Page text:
How to Know It’s Time to Sell Your Practice

Last Edited by: LPL Financial

Last Updated: April 02, 2024

three people in a business meeting close together

Advisors who are considering retirement and want a return on what they’ve built must plan carefully to sell their practice when it commands peak value.

Not sure if it’s time to sell your financial advisory practice? Selling as your business nears peak value may allow you to capitalize on the upside.

When it comes to selling your financial advisory practice, timing is crucial. So when is the right time to monetize? Valuations are based on projected future cash flows of you practice, and businesses command the highest purchase price just before they hit their peak. Therefore, advisors who are considering retirement and want a return on what they’ve built must plan carefully in order to sell their practice when it commands peak value. 

“My revenue is stable, why should I sell?”

Potential buyers much prefer to purchase businesses with rising revenue projections rather than businesses in decline. As clients age, it’s important to remember their client lifetime value decreases. Assets under management for older clientele tend to shrink over time, as they are no longer in the accumulation phase and assets are withdrawn as clients pass away. This means that to even maintain the value of your practice, younger clients and new assets must be added on a regular basis. Although it’s tempting to continue running your practice with the same clients and processes you have for years, this can result in decreasing the value of your business when it’s time to sell.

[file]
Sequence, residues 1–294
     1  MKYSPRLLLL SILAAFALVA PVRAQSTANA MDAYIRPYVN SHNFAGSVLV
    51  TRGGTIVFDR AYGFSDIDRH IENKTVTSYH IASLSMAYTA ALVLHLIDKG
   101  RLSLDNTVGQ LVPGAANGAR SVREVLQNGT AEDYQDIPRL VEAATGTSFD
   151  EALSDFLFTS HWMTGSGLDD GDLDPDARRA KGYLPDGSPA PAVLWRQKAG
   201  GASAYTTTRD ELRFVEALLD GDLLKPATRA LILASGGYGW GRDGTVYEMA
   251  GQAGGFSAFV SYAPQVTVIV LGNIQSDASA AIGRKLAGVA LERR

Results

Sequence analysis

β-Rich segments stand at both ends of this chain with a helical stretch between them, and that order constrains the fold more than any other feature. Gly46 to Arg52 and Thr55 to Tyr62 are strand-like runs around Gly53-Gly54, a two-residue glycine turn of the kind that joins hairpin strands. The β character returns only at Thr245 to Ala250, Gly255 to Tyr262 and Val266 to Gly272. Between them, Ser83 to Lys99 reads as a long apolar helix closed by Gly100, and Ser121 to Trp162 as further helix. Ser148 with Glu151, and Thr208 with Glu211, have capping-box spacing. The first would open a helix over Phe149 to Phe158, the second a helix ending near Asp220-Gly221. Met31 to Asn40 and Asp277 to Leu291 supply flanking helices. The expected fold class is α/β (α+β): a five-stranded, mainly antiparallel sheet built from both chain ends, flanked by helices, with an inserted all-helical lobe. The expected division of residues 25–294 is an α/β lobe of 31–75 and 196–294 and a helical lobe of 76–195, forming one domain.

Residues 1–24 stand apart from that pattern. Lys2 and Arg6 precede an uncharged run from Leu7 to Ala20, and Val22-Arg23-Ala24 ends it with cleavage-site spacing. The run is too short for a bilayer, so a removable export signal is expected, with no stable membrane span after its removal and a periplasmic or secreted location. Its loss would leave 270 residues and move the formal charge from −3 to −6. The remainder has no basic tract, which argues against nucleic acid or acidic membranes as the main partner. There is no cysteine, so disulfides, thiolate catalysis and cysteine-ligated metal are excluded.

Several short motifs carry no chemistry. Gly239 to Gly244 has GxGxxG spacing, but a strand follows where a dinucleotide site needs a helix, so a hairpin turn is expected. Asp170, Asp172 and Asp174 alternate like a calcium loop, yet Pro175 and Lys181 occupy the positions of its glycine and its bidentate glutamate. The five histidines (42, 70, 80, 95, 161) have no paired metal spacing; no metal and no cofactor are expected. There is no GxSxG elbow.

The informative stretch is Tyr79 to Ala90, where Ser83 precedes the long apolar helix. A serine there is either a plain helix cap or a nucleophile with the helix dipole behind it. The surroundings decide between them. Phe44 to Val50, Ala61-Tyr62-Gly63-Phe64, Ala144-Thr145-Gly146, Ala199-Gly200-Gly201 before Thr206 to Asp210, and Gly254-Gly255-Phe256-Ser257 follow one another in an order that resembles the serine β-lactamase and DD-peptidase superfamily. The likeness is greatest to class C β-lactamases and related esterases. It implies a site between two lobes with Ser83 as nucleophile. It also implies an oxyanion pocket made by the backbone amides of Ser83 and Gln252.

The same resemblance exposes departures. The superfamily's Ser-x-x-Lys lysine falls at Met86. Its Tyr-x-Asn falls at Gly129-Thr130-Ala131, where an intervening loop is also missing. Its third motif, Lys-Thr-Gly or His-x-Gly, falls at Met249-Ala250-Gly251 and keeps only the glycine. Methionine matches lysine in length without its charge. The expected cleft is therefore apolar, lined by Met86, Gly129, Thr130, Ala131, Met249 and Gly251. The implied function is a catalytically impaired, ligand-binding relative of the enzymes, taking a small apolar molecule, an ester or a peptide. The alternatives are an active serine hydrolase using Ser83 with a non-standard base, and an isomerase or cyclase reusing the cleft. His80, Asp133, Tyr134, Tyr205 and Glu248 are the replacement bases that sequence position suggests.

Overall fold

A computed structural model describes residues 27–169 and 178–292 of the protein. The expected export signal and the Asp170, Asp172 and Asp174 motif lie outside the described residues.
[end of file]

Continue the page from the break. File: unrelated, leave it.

“This sounds great, but I’m not ready to retire yet.”

Many advisors enjoy their job and have spent most of their lifetime building a book of business consisting of clients and friends they truly care about and want to continue to serve. The good news is that selling your practice doesn’t mean you must fully retire. LPL’s Advisor Financial Solutions team can help structure deals that allow you to monetize today and retire later. These are commonly called “sell-and-stay” or “sell-and-service” models, and they’re growing in popularity. 

This approach might also be a good fit for those who want to avoid competing against the wave of retiring Baby Boomer advisors. According to Cerulli,1 more than a third of advisors managing 40% of total industry assets are expected to retire over the next decade, but a quarter of them don’t have a set plan for transitioning their business. This could trigger significant mergers and acquisitions activity in the coming years and make it difficult to stand out from the pack.

“The sales multiples on revenue are not attractive enough for me to sell now.”

Misconceptions about sales multiples are another factor that leads some advisors to sell their practice past its peak value. Although the average sales multiples are hovering around 2- to 2.5-times recurring revenue and 1- to 1.2-times transactional revenue*, it’s important to note that these multiples are based on gross revenue before expenses and tax, rather than on take-home pay. Once expenses and ordinary income tax are factored into the equation, the sales multiples typically range from 4- to 5-times net income when expressed in terms of take-home pay.